A judge for the US District Court for the Western District of Texas [official website] issued a preliminary injunction [text, PDF] on Tuesday to halt Texas’ plan to cut Medicaid [official website] funding for Planned Parenthood [advocacy website]. The injunction prevents the state from cutting funding until a trial is held. Judge Sam Sparks based his decision heavily on the merits of the case and the evidence presented by the state, the majority of which came from an eight-hour video released in 2015 by the anti-abortion group Center for Medical Progress [advocacy website], which was previously investigated by grand jury and dismissed in Planned Parenthood’s favor. Sparks went on to say, “the Inspector General relied on an unauthenticated video” and “it appears the termination decision had nothing to do with the Provider Plaintiffs’ qualifications” under Medicaid policy. He also pointed out that “such action would deprive Medicaid patients of their statutory right to obtain health care from their chosen qualified provider.” Planned Parenthood has 34 health centers [Reuters report] in Texas and serves more than 120,000 patients, 11,000 of whom are Medicaid patients. During fiscal year 2015, Planned Parenthood affiliates in Texas received about $4.2 million in Medicaid funding. Critics of the defunding have argued that none of the Medicaid funds were used for abortions, and consequently the plan would jeopardize the availability of its other services such as HIV care and cancer screenings.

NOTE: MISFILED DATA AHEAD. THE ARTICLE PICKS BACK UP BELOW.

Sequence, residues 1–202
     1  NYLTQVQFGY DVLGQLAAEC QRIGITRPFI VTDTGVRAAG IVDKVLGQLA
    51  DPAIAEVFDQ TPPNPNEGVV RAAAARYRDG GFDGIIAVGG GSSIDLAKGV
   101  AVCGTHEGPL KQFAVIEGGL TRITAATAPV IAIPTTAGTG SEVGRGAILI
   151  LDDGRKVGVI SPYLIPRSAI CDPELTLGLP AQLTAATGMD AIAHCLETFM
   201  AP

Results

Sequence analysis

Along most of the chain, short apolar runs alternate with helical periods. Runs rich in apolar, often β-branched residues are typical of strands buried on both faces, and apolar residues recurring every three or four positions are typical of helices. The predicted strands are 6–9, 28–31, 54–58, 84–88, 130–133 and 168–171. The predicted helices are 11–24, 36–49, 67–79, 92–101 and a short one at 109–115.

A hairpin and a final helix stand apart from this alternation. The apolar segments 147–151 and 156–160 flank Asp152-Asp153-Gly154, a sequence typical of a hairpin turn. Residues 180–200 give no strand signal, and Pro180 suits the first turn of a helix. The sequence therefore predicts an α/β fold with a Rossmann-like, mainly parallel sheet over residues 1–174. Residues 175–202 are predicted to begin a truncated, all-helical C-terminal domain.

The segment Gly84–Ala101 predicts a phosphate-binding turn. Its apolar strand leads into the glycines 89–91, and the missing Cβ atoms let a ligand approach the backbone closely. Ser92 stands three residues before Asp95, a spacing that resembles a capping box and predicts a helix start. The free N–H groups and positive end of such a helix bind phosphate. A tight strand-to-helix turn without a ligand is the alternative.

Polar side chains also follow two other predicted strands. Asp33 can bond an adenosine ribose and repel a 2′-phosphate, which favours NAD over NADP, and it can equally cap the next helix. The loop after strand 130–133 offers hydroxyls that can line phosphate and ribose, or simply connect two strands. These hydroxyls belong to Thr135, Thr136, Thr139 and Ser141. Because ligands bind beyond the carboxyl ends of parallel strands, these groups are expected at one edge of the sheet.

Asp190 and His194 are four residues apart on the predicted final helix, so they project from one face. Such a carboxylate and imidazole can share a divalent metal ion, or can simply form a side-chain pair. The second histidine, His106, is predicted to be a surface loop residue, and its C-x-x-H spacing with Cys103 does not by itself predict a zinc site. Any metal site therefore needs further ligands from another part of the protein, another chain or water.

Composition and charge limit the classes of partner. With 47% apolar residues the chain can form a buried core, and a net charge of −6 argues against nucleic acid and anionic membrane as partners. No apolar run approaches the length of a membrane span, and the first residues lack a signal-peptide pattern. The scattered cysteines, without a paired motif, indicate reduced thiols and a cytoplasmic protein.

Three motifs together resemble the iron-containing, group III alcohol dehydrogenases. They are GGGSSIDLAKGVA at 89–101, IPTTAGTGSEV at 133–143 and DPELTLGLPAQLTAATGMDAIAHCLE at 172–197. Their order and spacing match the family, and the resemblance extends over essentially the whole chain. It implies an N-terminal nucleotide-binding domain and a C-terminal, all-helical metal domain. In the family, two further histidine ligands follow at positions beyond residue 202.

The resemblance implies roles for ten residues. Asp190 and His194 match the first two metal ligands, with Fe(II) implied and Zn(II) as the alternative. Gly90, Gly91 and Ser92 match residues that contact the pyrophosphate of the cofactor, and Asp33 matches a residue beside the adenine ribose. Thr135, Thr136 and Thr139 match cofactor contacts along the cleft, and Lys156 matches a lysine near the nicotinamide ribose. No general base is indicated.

Abortion restrictions have been a much contested issue in Texas and other states in recent years. Much of the discussion is about when a proposed state law regulating abortion can be considered an undue burden on access to abortion. The US Supreme Court struck down [JURIST report] a Texas law in June 2016, that imposed certain requirements on abortion clinics and doctors. A regulation mandating the burial of fetal remains in Texas was challenged [JURIST report] in court in December by abortion rights groups. Sparks temporarily suspended [JURIST report] the regulation in December and extended the suspension [JURIST report] in January.